The wing designed by the preeminent architect Moshe Safdie creates a dramatic public space at the heart of the PEM campus with a soaring glass roof over the James Duncan Phillips Atrium Way and atrium that will serve as a central gathering place, in the tradition of a New England “village green.” Walkways radiate from this open space, leading into both new and renovated galleries, as well as to the new education and public performance centers. Windows along the walkways reveal city vistas or views into galleries, enabling visitors to easily find their way through the Museum. Carefully selected exterior architectural details tie the new Museum to its collection of historic houses as well as to the surrounding city. From the exterior the new wing reads as five separate buildings, each “building” evoking the scale and different forms of traditional New England architecture.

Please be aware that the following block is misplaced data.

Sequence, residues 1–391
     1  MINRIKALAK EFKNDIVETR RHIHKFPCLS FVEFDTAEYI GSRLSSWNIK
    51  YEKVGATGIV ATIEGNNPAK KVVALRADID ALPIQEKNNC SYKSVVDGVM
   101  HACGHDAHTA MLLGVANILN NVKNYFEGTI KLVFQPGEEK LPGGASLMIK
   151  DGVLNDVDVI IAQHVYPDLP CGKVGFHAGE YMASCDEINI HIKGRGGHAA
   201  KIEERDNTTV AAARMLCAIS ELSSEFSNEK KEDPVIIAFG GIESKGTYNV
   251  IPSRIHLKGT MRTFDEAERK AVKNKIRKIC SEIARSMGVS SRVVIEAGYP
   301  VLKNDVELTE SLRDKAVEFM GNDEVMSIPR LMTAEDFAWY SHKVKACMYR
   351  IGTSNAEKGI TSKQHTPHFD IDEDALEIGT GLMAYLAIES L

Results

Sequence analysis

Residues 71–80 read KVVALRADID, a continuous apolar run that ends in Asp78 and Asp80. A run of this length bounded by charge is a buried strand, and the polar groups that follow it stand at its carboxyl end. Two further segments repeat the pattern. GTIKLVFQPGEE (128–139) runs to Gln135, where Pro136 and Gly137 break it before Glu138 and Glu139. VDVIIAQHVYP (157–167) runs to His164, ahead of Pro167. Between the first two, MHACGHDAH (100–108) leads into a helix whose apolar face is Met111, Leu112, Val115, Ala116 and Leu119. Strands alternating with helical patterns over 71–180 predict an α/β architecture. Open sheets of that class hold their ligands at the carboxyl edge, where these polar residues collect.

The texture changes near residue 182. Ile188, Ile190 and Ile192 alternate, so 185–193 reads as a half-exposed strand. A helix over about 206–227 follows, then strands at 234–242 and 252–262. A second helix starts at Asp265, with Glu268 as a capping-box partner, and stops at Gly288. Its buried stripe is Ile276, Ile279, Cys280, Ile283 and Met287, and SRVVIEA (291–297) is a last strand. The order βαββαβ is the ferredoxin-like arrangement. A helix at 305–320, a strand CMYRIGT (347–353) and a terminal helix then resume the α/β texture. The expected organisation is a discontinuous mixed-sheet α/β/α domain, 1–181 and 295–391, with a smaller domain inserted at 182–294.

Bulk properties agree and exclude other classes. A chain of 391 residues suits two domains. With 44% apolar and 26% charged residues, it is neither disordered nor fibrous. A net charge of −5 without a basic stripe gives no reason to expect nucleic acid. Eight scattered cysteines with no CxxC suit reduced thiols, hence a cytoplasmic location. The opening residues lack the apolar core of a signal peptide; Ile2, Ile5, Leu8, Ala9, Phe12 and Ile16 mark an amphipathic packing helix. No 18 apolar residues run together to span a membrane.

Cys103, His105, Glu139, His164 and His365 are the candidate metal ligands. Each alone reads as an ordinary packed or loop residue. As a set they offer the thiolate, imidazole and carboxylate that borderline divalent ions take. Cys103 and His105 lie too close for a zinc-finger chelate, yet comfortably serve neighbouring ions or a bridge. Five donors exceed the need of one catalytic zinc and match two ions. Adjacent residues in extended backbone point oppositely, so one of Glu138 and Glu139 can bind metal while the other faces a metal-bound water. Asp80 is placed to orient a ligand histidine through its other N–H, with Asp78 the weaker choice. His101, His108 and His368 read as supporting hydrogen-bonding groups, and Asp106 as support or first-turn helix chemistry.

“In his design, Moshe Safdie creates contemporary structures that blend harmoniously with their urban context as well as with the Museum’s historic buildings, creating a continuum between our past and our future,” says Director Monroe. “Safdie was selected following an international search and competition because of his widely recognized ability to create stunning contemporary buildings that blend into historic contexts. He has done an extraordinary job of fulfilling all of the Museum’s multifold physical needs with a design of seemingly effortless grace. At the same time he conceived of a building that contributes in fundamental ways to the vitality of the urban environment, cultural life, and architectural history of Salem and Greater Boston.” Safdie has won critical and public acclaim for his designs, among them the National Gallery of Canada in Ottawa, the Vancouver Public Library, the Skirball Cultural Center in Los Angeles, and the Exploration Place Science Center and Children’s Museum in Wichita, Kansas. Last year, he was awarded the prestigious commission to design the new United States Institute of Peace Headquarters, across from the Lincoln Memorial on the Mall in Washington, D.C.